Heat Stress in the Workplace
Heat stress includes a series of conditions where the body is under stress from overheating. Heat-related illnesses include heat cramps, heat exhaustion, heat rash, or heat stroke, each with its own symptoms and treatments. Symptoms can range from profuse sweating to dizziness, cessation of sweating, and collapse.
At greatest risk of heat stroke are the elderly, children, and people with medical conditions, such as heart disease. However, even young and healthy individuals can succumb to heat if they participate in strenuous physical activities during hot weather.
Certain behaviors also put people at greater risk: drinking alcohol, taking part in strenuous outdoor physical activities in hot weather, and taking medications that impair the body’s ability to regulate its temperature or that inhibit perspiration. Heat stress can be induced by high temperatures, heavy work loads, and clothing inappropriate for the heat and humidity.
The signs of heat stress are often overlooked by the victim. The individual may at ﬁrst be confused or unable to concentrate, followed by more severe symptoms, such as fainting and/or collapsing. If heat stress symptoms occur, move the victim to a cool, shaded area, give him or her water, and immediately contact a supervisor or another individual to provide assistance.
Resources from the National Safety Council
Summer Heat Related Illness - Video
Summer Safety - Video
Some employees are more likely to have heat disorders than others. Employees with heart, lung, or kidney disease, diabetes, and those on medications are more likely to experience heat stress problems. Diet pills, sedatives, tranquilizers, caffeinated drinks, and excessive alcohol consumption can all exacerbate heat stress effects.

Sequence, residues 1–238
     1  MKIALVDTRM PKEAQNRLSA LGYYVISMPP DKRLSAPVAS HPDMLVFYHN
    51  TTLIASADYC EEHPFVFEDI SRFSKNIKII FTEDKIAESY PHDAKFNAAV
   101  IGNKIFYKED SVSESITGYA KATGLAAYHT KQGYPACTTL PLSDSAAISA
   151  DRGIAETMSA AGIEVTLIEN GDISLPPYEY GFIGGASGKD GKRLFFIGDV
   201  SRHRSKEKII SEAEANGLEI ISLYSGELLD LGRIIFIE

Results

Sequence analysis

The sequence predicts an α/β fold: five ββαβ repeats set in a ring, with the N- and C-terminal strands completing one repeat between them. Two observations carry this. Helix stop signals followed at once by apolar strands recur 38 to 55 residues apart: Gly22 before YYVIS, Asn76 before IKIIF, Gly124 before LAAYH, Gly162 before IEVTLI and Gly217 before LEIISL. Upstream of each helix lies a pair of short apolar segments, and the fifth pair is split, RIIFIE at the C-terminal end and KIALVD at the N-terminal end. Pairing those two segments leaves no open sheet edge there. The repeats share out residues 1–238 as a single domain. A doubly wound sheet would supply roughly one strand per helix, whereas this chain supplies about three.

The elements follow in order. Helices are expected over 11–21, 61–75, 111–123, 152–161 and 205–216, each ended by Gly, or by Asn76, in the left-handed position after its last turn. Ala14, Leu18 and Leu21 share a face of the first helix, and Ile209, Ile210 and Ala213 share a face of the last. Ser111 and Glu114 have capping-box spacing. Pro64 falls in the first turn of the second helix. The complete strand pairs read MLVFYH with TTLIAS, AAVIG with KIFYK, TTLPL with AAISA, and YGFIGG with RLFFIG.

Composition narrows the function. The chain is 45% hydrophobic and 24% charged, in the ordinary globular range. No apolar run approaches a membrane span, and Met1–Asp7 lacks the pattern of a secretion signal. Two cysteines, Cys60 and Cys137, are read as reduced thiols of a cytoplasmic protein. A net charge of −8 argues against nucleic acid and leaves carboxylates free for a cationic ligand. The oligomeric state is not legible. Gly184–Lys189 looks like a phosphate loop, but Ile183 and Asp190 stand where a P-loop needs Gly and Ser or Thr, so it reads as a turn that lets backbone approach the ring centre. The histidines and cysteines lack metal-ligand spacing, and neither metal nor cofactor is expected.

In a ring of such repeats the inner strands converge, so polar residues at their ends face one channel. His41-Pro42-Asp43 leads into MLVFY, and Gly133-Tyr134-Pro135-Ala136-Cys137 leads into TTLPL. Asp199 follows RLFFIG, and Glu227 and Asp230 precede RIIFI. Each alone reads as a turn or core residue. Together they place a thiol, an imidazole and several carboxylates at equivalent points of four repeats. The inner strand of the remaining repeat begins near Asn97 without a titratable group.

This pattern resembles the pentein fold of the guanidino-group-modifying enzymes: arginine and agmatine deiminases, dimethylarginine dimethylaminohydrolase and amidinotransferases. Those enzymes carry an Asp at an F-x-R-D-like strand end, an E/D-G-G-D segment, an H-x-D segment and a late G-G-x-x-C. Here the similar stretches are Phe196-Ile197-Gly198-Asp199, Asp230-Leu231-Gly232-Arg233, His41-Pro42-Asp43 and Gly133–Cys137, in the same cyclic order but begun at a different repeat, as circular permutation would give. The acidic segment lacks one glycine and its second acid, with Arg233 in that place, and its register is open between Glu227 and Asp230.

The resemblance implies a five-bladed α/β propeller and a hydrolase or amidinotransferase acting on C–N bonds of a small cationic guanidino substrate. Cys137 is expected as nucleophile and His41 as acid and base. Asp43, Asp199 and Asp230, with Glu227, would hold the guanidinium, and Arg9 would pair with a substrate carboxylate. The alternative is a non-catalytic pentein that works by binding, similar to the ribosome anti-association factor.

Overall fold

It often takes two to three weeks for employees to become acclimated to a hot environment. This acclimation can subsequently be lost in only a few days away from the heat. Thus employees should be more cautious about heat stress after coming back from a vacation, when beginning a new job, or during the season’s first heat wave. In short, precautions should be taken anytime temperatures are elevated (approaching 90 degrees F) and the job is physically demanding.
Other heat stress factors are also very important. In addition to temperature, increased relative humidity, decreased air movement, or lack of shading from direct heat (radiant temperature) can all affect the potential for heat stress.
Prevention of Heat Stress: Supervisors
Allow time for employees to adjust to hot jobs when possible. It often takes two to three weeks for an employee to become acclimated to a hot environment.
Adjust the work schedule, if possible. Assign heavier work on cooler days or during the cooler part of the day.
Reduce the workload. Increase the use of equipment on hot days to reduce physical labor.
Establish a schedule for work and rest periods during hot days.
Train workers to recognize signs and symptoms of heat stress disorders and be prepared to give first aid if necessary.
Choose appropriate employees: Avoid placing "high risk" employees in hot work environments for extended time periods. Realize individual employees vary in their tolerance to heat stress conditions.
Prevention of Heat Stress: Workers
Learn to recognize the symptoms of heat stress. Pace the work, taking adequate rest periods (in shade or cooler environment).
Use adequate fans for ventilation and cooling, especially when wearing personal protective equipment (PPE).
Wear light-colored, loose clothing (unless working around equipment with moving parts).
Keep shaded from direct heat where possible (e.g., wear a hat in direct sunshine).
Drink plenty of water: in hot environments the body requires more water.